“In order to live with myself, I have to discount that by at least 40 percent to see that my cowboy hat will still fit my head,” he said with a laugh. “This honor tonight has pushed me in that direction, but I will come back down to Earth maybe tomorrow, maybe the next day, but after all too soon, after this honor, I’ll have to ask myself a question, ‘What have I written lately?’ And I pray you all will stay tuned to hear the answer,” Black said in conclusion. 

Lily Pearl Black, Clint Black, Lisa Hartman Black; Photo by Terry Wyatt/Getty Images for ACM
Lily Pearl Black, Clint Black, Lisa Hartman Black; Photo by Terry Wyatt/Getty Images for ACM

Tribute From Lady A

Prior to stepping on stage to claim his award, Black was honored by Lady A who sang a stunning rendition of “A Bad Goodbye.” Penned solely by Clint Black, this tune was recorded as a duet with Wynonna Judd and released on his 1993 album titled No Time To Kill.

“We are so happy to be a part of this night of celebration, especially for you Clint. We’re honored to be here,” said Hillary Scott, co-lead vocalist of Lady A. 

The country trio then launched into the heartbreaking ballad as the lights dimmed, setting the mood for the soul-stirring performance. While member Dave Haywood plucked his acoustic guitar, Charles Kelley took the lead, showcasing his buttery vocals before being joined by Scott in a slew of seamless harmonies. Once the performance came to an end, Lady A stepped up to the mic and introduced ACM Poet’s Award recipient, Clint Black.

Lady A; Photo by Jason Kempin/Getty Images for ACM
Lady A; Photo by Jason Kempin/Getty Images for ACM

The ACM Poet’s Award is presented to a Country Music songwriter for outstanding and longstanding musical and/or lyrical contributions throughout their career, with special consideration given to a song or songs’ impact on the culture of Country Music. This year’s recipients include Clint Black, Mary Chapin Carpenter, and K.T. Oslin. 

2023 ACM Honors

The 16th Annual ACM Honors was filmed on Wednesday, August 23 at the famed Ryman Auditorium in Nashville, Tennessee.

Dubbed “Country Music industry’s favorite night,” the 2023 ACM Honors recognized several special honorees, including Tim McGraw (ACM Icon Award), Chris Stapleton (ACM Triple Crown Award), Charlie Daniels (ACM Spirit Award), Clint Black (ACM Poet’s Award), Mary Chapin Carpenter (ACM Poet’s Award), BRELAND (ACM Lift Every Voice Award), Kane Brown (ACM International Award), HARDY (ACM Artist/Songwriter Of The Year Award) and more.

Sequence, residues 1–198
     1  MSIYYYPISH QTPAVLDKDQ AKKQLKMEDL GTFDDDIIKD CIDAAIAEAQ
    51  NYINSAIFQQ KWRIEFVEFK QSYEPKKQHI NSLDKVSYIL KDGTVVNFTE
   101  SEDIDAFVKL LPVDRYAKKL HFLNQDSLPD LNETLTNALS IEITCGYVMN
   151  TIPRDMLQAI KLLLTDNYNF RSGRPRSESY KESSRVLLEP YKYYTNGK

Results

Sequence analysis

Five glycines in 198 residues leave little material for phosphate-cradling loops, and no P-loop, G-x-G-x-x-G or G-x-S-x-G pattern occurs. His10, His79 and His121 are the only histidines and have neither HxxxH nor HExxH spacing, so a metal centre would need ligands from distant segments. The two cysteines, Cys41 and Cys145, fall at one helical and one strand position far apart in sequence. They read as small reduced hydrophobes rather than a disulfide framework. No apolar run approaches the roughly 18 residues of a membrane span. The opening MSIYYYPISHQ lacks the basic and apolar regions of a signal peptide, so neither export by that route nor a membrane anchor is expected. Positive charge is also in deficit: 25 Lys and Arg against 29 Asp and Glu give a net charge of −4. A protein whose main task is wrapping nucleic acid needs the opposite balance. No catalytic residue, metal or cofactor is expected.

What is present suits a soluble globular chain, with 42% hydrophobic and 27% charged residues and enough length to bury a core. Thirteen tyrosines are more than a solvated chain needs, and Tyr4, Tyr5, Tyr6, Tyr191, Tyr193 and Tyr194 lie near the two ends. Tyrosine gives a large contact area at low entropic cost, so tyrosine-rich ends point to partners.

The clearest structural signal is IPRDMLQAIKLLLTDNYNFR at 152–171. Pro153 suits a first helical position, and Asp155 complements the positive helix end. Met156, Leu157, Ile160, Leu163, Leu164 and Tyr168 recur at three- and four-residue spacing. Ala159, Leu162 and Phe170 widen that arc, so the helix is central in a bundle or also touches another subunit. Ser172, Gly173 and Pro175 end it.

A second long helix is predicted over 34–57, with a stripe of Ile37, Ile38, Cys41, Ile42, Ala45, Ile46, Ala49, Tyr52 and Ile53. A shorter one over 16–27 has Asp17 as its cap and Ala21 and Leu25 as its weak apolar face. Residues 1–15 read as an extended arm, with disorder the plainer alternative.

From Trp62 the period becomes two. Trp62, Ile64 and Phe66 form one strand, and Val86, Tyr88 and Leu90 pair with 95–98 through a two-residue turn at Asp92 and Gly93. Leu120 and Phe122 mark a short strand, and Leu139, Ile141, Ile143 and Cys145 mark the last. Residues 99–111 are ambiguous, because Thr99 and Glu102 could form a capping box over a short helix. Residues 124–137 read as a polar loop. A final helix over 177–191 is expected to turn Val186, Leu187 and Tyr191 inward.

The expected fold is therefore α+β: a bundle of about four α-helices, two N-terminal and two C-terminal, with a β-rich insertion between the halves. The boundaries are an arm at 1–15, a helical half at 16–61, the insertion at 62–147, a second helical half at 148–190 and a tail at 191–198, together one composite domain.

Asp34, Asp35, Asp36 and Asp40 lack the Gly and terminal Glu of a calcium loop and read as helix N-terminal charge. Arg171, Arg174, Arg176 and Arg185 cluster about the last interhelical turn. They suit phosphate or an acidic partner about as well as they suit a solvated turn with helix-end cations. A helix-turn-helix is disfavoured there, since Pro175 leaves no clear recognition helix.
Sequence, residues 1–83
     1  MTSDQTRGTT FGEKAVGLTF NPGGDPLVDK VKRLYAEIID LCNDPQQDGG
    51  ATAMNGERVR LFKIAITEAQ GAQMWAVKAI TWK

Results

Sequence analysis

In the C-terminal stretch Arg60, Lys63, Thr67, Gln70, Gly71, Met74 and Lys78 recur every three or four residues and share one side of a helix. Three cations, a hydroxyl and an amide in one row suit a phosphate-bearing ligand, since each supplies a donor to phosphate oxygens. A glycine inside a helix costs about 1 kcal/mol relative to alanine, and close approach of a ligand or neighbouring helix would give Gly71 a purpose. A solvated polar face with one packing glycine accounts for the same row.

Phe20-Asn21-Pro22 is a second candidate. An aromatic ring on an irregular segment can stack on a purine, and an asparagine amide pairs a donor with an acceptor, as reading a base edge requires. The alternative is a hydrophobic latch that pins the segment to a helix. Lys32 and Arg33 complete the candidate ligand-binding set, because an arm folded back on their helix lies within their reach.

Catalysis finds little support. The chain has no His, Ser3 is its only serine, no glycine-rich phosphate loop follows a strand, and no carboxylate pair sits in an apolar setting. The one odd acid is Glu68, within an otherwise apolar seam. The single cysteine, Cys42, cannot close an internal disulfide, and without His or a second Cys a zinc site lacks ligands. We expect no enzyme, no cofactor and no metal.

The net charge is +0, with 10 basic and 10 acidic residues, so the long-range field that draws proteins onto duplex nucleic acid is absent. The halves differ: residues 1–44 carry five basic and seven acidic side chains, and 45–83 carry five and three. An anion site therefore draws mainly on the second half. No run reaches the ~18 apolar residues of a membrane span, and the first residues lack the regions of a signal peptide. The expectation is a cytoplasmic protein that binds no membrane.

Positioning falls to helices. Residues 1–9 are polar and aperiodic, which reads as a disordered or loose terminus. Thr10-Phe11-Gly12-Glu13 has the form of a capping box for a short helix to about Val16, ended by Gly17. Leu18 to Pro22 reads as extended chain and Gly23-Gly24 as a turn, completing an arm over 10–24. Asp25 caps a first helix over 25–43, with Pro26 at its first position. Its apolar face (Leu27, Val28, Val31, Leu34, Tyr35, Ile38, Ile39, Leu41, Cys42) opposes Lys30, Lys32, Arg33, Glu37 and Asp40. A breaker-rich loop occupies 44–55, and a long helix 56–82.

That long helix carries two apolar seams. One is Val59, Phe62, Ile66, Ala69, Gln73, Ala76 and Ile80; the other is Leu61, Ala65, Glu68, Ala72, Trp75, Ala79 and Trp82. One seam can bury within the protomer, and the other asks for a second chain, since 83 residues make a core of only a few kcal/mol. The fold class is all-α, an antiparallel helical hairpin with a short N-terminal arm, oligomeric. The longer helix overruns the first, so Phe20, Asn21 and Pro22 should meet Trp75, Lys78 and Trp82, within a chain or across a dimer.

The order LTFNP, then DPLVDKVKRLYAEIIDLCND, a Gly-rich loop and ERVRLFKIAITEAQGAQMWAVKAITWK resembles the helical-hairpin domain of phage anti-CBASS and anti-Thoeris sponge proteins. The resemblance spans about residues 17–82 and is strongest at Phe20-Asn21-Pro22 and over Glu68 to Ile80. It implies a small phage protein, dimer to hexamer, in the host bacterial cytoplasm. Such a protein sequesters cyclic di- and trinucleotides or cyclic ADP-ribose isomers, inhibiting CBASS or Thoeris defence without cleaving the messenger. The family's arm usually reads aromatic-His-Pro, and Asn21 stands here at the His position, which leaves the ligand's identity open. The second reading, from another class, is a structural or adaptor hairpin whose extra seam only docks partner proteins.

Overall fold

The coveted awards show also featured performances from BRELAND, Keith Urban, Lee Brice, Brandy Clark, Priscilla Block, Jordan Davis, Billy Ray Cyrus, FIREROSE, Sara Evans, Chris Janson, Lady A, Nelly, Bailey Zimmerman, Dennis Quaid, The War And Treaty, Trisha Yearwood, Brett Young as well as the show’s host Carly Pearce, among others.

Hosted By Carly Pearce

Carly Pearce; Photo by Jason Kempin/Getty Images for ACM
Carly Pearce; Photo by Jason Kempin/Getty Images for ACM

Randy Travis, Big Kenny, Marty Stuart and Storme Warren were also on hand to present.

Carly Pearce returned as the show’s host for the third consecutive year. “The Academy of Country Music has played such a crucial role in the rise of my career in the last several years, giving me opportunities to expand my artistry with hosting,” Pearce previously shared in a statement. “To be able to come back as the host of the ACM Honors for the third year in a row, I feel so grateful and excited for what I know will be such a special night!”

ACM Honors premiered on Monday, September 18 at 8/7c on FOX. The show will also be available to stream on Hulu on Tuesday (Sept. 19).

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Madeleine O’Connell graduated from North Central College with a bachelors degree in Journalism and Broadcast Communications before deciding to pursue her studies further at DePaul University. There, she earned her masters degree in Digital Communication & Media Arts. O’Connell served as a freelance writer for over two years while also interning with the Academy of Country Music, SiriusXM and Circle Media and assisting with Amazon Music’s Country Heat Weekly podcast. In addition to Country Now, she has been published in American Songwriter, Music Mayhem, and Holler.Country. Madeleine O’Connell is a member of the Country Music Association and the Academy of Country Music.